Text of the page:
Sharing Scary News With Our Children

This week, my daughter’s elementary school went into “soft lockdown” after a domestic shooting nearby appeared to have a link to a child attending the school. Administration decided to err on the side of caution and implement additional security measures. The school’s front doors were locked and manned, window shades were drawn, and children were kept off the playground.

When I picked my first grader up after school, she mentioned that the janitor told them they had to keep their classroom door locked, and that they’d watched a movie instead of going outside for recess that day.

“Do you know why?” I asked her.

“Dunno,” She shrugged. “I guess maybe it’s too cold to be outside.”

A perfectly logical explanation—we live in perpetually cold, windy, recess-stealing North Dakota—but something about the incompleteness of her explanation left me feeling slightly unsettled.

It begs the question: how do we balance our desire to shield our children from scary situations with our responsibility to tell them the truth?

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Yesterday’s horrific terrorist attacks are a sobering reminder of the state of the world. Most of my peers were teenagers on 9-11—not yet grown, but no longer children—and those attacks transformed the way we viewed the world dramatically. In an instant, everything was bigger, scarier, and infinitely more dangerous than it was just moments before.

Today, we’re parents of elementary school students. I’m admittedly no psychologist, but I suspect 9-11 left my generation feeling a nagging pressure to fiercely protect the innocence we consciously lost that Tuesday in September. When I look at my seven-year-old, I see her inherent trust in the goodness of the world, and I want to preserve it for her. She doesn’t yet understand evils like ISIS, or suicide bombers, or mass murders.

At age seven, she shouldn’t.

And yet, I feel an obligation to be truthful with her. To help her understand that where there is evil, there is also good. That where there is terror, there is also justice. That where there is fear, there is also hope.

But . . . how?

In the case of my daughter’s school lockdown, I decided it was better for her to hear from me why things were operating a little outside of the norm. As simply as I could, I explained the situation. She listened with rapt attention. She asked questions and I answered as honestly as possible. I reiterated how committed the teachers, staff, and police were to keeping her and her classmates safe at school, how locking the doors and keeping them inside were just part of that right now.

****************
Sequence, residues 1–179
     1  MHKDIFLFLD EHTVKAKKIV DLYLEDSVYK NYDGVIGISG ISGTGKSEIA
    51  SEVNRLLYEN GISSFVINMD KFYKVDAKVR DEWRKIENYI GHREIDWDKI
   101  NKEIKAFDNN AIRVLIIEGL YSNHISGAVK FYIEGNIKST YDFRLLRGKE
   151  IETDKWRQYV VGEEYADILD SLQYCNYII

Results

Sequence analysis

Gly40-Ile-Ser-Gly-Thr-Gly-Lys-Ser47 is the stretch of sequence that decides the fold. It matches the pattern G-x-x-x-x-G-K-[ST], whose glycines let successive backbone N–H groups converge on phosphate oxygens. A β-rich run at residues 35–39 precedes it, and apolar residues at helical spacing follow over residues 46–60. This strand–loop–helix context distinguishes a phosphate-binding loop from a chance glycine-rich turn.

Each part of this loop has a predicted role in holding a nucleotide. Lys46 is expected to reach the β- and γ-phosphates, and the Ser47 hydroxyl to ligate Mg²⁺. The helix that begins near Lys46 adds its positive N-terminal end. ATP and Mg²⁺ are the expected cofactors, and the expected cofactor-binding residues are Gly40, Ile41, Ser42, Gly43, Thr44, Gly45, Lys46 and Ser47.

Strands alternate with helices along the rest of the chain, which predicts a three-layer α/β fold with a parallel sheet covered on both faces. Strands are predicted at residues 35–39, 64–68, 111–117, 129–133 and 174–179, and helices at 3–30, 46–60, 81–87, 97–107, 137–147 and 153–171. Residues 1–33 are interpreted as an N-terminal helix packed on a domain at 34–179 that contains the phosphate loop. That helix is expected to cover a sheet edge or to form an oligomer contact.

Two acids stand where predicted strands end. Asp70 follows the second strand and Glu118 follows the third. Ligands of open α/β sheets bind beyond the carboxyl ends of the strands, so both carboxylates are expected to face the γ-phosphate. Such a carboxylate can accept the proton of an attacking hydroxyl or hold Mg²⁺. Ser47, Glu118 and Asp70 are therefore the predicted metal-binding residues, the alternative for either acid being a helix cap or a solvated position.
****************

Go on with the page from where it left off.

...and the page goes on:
After taking it all in, she frowned and gave a tight-lipped, curt nod. “Okay,” she said.


No panic. No fear. No apprehension.

Just acceptance.

I realized then this child—this generation—is growing up with a view of the world we parents can scarcely understand. Phrases like “lockdown” and “additional security” are part of her vocabulary—more alarming to her mother than they are to her.

She’s more mature than I give her credit for.

She can handle unsettling truth when it’s shared gently, with love.

I can’t shield her from everything.

. . . But I’ll never stop wishing I could.


Life in the face of death

Recently, a local young mother lost her life just six weeks after being diagnosed with cancer. I didn’t know her personally, but our community is small enough that we have a handful of mutual friends. She was in her mid 30s, married with three young children, and so much life yet to live.

Her story left many of us shaken.

Strong, young, healthy people aren’t supposed to get sick. They aren’t supposed to be given devastating diagnoses in sterile doctor’s offices.

They’re not supposed to be robbed of the fullest, sweetest years of their lives.

Mothers should be grumbling about their lack of sleep over cups of coffee with sympathetic friends. They should be nuzzling newborns in sunlit nurseries, breathing in the downy scent of tiny heads, memorizing the feel of warm little bodies snuggled at their breast.